Interpretation: Lifestyle intervention or metformin significantly reduced diabetes development over 15 years. There were no overall differences in the aggregate microvascular outcome between treatment groups; however, those who did not develop diabetes had a lower prevalence of microvascular complications than those who did develop diabetes. This result supports the importance of diabetes prevention.

Funding: National Institute of Diabetes and Digestive and Kidney Diseases.

Conflict of interest statement

Conflicts of interest

We declare that we have no conflicts of interest.

Figures

Figure 1
Figure 1
Diabetes Prevention Program Outcomes Study consort diagram
Figure 2
Figure 2
Cumulative incidence of diabetes by treatment group among the 2776 DPPOS participants. The DPP and DPPOS periods, and the overlap between them, are indicated. Over the entire study, the incidence rates for participants were 7.0%, 5.7% and 5.2% per year for placebo, metformin and lifestyle, respectively, 27% and 18% lower for lifestyle and metformin vs. placebo, respectively (p<0.0001 and p= 0.001). The difference between lifestyle and metformin was not significant (p=0.10). The number at risk at each time point is listed by treatment group.
Figure 3
Figure 3
Prevalence of aggregate microvascular complication and individual microvascular components by DPPOS end (2012–2013). Placebo (red solid), metformin (blue dotted pattern), lifestyle (green diagonal stripes). 3A. By treatment group. None of the treatment group differences achieved statistical significance for the aggregate or the microvascular components. The aggregate microvascular is expressed as the average prevalence among the 3 components of nephropathy, retinopathy and neuropathy. 3B. By pre-specified subgroups according to sex and diabetes status. Prevalence was greater in men than in women in each of the three treatment groups. In women, the prevalence of the aggregate microvascular outcome was 22% (relative risk 0.78, p=0.02) lower in the lifestyle intervention group compared with the metformin group and 21% (relative risk 0.79, p=0.03) lower than in the placebo group. There were no significant differences among the treatment groups in men. The prevalence of microvascular disease in participants who did not develop diabetes was 28% lower than that in those who developed diabetes in a treatment group adjusted model (p<0.0001).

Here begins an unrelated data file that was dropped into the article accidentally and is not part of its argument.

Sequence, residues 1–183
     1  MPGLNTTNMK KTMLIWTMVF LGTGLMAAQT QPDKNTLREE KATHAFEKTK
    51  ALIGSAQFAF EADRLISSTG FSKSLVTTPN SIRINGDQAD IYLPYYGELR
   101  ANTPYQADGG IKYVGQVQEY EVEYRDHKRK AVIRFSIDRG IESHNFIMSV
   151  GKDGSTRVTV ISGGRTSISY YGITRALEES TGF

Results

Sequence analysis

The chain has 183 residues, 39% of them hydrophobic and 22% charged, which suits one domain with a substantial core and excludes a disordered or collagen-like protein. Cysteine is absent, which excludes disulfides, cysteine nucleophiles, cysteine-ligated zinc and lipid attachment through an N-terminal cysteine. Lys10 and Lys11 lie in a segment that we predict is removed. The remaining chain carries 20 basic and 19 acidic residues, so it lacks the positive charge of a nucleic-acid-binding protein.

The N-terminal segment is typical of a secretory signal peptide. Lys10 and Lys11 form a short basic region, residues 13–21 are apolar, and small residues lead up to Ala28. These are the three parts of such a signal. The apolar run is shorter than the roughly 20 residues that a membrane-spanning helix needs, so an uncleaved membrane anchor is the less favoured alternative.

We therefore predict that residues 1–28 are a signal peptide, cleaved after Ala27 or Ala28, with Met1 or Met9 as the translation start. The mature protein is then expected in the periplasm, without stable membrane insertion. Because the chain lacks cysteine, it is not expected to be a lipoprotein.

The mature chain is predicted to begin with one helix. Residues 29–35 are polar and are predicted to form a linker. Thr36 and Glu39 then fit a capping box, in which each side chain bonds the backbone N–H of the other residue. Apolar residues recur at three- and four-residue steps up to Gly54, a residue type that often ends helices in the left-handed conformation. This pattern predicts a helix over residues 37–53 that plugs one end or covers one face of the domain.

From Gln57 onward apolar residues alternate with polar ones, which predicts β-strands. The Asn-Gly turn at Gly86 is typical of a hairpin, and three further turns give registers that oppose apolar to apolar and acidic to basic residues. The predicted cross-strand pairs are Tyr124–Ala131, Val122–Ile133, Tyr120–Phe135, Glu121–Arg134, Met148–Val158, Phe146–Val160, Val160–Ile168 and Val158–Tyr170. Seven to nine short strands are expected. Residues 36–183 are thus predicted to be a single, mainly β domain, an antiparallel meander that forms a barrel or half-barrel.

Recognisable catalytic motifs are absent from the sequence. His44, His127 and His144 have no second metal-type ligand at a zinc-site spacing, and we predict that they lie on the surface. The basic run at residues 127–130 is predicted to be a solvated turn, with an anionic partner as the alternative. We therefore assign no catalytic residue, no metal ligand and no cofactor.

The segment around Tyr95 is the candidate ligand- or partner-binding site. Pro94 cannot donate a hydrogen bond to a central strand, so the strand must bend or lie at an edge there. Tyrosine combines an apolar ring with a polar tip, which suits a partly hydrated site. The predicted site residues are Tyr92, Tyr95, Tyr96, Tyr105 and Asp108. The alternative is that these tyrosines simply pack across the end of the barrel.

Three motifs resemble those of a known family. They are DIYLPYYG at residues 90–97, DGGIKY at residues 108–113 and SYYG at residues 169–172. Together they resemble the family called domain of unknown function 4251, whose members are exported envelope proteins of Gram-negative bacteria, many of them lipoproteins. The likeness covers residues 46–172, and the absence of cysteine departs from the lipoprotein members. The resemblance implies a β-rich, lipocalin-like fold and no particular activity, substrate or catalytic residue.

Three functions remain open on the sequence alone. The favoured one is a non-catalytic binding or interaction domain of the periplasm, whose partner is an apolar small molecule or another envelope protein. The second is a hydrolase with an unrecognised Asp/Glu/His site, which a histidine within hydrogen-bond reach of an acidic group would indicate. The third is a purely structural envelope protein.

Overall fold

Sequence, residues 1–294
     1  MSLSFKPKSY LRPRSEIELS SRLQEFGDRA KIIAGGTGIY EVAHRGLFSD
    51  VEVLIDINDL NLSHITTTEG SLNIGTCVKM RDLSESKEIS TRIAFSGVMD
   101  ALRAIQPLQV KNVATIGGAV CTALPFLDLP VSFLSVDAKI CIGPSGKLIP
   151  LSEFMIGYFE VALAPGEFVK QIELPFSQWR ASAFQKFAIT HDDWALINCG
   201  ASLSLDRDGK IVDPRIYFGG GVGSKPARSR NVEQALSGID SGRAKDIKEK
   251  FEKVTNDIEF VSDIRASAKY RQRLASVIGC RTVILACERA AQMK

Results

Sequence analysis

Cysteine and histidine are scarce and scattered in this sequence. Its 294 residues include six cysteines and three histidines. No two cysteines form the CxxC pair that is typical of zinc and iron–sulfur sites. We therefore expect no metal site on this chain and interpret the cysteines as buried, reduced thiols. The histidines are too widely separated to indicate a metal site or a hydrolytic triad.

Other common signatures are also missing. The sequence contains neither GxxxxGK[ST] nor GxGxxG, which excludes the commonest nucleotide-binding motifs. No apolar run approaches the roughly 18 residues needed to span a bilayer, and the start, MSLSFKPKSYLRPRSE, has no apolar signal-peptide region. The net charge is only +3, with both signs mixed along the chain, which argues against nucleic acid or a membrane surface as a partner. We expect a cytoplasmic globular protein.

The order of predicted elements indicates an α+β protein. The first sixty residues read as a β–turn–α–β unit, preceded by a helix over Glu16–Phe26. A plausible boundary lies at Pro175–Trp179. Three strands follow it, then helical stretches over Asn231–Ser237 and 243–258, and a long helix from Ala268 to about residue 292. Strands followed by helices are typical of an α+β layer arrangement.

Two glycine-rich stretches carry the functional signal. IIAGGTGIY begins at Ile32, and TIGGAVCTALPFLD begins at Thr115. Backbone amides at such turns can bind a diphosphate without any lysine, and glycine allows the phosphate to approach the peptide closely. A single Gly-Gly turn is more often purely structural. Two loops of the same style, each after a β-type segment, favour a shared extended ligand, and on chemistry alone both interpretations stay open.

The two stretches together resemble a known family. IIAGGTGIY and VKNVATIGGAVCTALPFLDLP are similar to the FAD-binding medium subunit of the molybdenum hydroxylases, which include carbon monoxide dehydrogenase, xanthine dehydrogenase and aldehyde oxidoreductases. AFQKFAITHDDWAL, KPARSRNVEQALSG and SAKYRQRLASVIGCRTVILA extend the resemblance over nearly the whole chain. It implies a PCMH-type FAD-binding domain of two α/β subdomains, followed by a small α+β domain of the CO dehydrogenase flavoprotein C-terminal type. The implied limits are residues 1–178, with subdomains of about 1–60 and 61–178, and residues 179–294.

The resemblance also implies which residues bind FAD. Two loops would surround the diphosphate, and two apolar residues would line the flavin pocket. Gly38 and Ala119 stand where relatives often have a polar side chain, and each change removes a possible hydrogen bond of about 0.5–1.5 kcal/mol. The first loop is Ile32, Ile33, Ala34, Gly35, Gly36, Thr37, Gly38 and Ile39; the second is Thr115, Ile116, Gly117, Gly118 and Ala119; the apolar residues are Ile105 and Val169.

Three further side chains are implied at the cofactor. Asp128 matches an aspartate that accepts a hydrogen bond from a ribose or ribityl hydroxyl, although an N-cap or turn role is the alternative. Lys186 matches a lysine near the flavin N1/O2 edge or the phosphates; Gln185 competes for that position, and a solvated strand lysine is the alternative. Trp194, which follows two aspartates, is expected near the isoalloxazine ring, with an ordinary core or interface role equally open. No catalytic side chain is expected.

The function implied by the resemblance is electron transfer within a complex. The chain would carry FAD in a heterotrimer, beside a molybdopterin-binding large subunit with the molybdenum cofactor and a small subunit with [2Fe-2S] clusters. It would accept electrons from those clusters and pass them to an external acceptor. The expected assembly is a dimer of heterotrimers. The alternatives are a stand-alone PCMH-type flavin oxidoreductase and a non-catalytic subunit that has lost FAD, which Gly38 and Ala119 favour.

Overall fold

Figure 4
Figure 4
The role of HbA1c and diabetes duration on microvascular disease and its components were assessed in separate GEE models which included 2 interactions terms for treatment group*glycemia measure and microvascular component*glycemia measure. The interactions of HbA1c with the individual microvascular components were significantly different (p <0.0001). HbA1c (panels a–d) was associated with nephropathy and retinopathy (both p<0.0001) but not neuropathy (p=0.69). The interactions of diabetes duration also differed among the microvascular components (panel e–h) (p=0.01) with longer diabetes duration associated with nephropathy and retinopathy (both p<0.0001) but not with neuropathy (p=0.57). Figure 4A. Aggregate Figure 4B. Nephropathy Figure 4C. Retinopathy Figure 4D. Neuropathy Figure 4E. Aggregate Figure 4F. Nephropathy Figure 4G. Retinopathy Figure 4H. Neuropathy